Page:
Tim & Eric as featured in the music video for “You Don’t Know Me,” by Ben Folds feat. Regina Spektor

You Don’t (politically) Know Me At All

Or: political identity is killing our ability to connect as humans


You could’ve just propped me up on the table like a mannequin / or a cardboard standup and paint me anything / any face that you want me to be…

— Ben Folds

In a rare fit of extroversion, I was having drinks with a friend the other night, as well as a friend of hers. I was trying to make light conversation with my friend’s friend about her job, the conversation quickly devolved into bemoaning our politically polarized state of affairs. I should probably note out of fairness that my friend’s friend was ahead of me by a few pints.

“Things are just so terrible right now, you know?” she said. I shrugged.

“Yeah,” I said, thinking of the countless rabbit holes my research has led me down. “…I think things have actually been pretty bad for quite a while, it’s just getting really obvious now…”

“No, but I mean, like, people are horrible,” she says with conviction.

“Well, yeah, you’ll always get that,” I shrug again, smiling my impenetrable Pollyanna smile. “Things are really polarized right now, so I think everyone feels especially— “

“NO,” she interrupted emphatically, “like I don’t understand how you can vote for Trump and be a good person. And it just makes me feel so depressed that there are really that many terrible people out there.”

“Oh,” was my only response. “Well that rigid worldview explains why you have so much anxiety,” is not something I said out loud.

As a means of empathizing, I tried to explain that, as an educator and as an independent journalist, I do my best to ignore party lines and affiliation, and just focus on the details of the story, and how it connects to what I can verify through experience.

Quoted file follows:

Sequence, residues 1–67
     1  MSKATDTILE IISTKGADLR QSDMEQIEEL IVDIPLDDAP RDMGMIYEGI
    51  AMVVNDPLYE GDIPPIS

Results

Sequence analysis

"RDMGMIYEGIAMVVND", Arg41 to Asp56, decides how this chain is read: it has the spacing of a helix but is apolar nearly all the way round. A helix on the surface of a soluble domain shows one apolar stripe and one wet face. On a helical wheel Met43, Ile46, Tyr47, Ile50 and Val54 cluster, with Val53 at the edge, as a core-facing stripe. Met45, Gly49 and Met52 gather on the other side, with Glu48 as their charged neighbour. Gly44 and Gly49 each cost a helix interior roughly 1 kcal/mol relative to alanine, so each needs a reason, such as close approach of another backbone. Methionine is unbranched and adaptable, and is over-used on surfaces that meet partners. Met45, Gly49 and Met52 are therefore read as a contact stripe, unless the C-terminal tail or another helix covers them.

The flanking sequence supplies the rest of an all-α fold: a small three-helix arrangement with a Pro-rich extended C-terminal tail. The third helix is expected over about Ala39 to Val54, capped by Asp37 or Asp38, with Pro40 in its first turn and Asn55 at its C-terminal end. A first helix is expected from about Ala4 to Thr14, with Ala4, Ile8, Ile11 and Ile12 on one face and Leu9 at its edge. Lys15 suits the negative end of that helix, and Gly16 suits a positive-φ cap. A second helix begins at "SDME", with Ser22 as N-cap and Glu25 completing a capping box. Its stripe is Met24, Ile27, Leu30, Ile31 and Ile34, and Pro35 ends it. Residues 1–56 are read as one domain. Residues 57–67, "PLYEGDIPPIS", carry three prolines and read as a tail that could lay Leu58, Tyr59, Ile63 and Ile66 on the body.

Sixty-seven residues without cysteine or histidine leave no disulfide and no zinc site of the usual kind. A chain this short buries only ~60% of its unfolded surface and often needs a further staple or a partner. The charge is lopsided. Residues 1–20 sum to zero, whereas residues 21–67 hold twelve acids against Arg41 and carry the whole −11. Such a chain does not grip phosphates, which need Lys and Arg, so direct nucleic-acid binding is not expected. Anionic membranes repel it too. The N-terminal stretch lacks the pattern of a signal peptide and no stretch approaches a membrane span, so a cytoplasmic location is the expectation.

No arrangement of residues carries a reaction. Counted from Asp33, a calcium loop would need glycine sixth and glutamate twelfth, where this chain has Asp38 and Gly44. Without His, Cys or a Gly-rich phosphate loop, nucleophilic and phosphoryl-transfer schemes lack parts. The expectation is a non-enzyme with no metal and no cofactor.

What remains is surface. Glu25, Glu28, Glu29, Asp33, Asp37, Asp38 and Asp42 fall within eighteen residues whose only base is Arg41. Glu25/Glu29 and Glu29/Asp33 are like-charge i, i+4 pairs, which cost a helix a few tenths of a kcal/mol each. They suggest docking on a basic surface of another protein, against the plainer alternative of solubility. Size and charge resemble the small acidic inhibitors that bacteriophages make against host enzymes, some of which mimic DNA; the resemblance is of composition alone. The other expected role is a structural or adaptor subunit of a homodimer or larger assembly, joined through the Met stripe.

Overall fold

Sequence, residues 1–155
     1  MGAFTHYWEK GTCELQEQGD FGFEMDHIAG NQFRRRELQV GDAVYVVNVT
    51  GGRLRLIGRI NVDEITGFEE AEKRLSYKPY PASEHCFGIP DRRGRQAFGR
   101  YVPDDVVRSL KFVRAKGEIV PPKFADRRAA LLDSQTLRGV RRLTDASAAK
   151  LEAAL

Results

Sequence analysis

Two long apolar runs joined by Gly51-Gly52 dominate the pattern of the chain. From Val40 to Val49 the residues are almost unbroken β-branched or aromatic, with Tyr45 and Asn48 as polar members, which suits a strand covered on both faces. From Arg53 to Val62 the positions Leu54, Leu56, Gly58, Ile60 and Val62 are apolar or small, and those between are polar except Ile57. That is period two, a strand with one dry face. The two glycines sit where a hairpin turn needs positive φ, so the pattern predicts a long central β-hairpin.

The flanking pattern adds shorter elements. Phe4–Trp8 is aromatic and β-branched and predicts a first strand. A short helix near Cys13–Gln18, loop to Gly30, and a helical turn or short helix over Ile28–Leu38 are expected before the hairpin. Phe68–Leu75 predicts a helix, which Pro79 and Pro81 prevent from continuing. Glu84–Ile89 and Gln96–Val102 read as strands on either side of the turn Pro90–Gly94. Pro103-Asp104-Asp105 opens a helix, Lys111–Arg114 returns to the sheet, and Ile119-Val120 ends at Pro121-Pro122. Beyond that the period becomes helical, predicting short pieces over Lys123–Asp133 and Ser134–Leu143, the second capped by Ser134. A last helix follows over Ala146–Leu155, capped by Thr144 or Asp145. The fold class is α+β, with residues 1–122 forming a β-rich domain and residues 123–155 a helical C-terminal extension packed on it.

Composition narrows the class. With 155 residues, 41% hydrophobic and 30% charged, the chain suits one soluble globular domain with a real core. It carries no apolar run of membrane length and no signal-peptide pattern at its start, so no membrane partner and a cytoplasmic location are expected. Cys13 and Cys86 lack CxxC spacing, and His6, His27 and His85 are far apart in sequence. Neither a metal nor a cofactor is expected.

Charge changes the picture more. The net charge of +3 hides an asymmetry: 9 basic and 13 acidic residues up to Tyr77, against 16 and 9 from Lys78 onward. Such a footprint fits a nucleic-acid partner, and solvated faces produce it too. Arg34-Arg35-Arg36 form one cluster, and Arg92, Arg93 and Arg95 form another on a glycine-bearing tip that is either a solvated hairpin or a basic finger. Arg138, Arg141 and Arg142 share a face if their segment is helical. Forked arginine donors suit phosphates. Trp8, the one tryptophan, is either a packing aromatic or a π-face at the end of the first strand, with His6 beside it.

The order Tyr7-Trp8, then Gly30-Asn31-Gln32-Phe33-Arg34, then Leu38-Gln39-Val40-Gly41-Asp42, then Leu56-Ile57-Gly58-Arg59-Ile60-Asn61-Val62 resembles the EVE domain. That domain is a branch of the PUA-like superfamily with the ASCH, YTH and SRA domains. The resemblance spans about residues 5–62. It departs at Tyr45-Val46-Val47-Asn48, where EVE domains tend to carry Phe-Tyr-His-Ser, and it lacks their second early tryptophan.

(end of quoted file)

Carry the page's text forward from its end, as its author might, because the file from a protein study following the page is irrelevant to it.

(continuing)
“But,” she mused, “that must be really hard to keep yourself that mentally separated from your work.”

“No, it’s not separate at all,” I replied. “I don’t have separate work personas. I’m the same person with the same views, personally and professionally.”

She blinked at me.

“But…so what do you believe, then?”

“Well, I try not to,” I smiled. “New information could present itself that causes me to shift my perspective, so I have to leave room for the possibility that — ”

“Ok, yeah, that’s great, but like…I know what I know. Right? Like, I believe what I believe. If you voted for Trump, you’re part of the problem. That’s it.”

She looked at me like she had just made a profound moral statement.

“Well,” I said and emptied my glass, looking around for the bartender to order another, “you’re right; things do sound really bad when you put it that way.”

The dogma of ideology

I get it — we all have bad days, and we all become overwhelmed and despair at times. I don’t hold it against my friend’s friend at all. I’ve done the same.

This isn’t a post about how smug and morally aggrandizing liberals are. It’s also not a post about how mean and selfish conservatives are. It’s about how dumb everyone is for believing that those two categories actually exist.

It’s hard, sometimes, to write about politics here (ok, all the time), because a) I’d rather be writing poetry, and b) there’s just so much room for misunderstanding. Like, a Grand Canyon-sized pit of opportunity for misunderstanding.

This story has been moved to The Creativeonion Network, where members support my work through a monthly subscription. Check it out here: creativeonion.me.



marjorie steele

poet, educator, hillbilly gnostic pagan. teaching business to designers.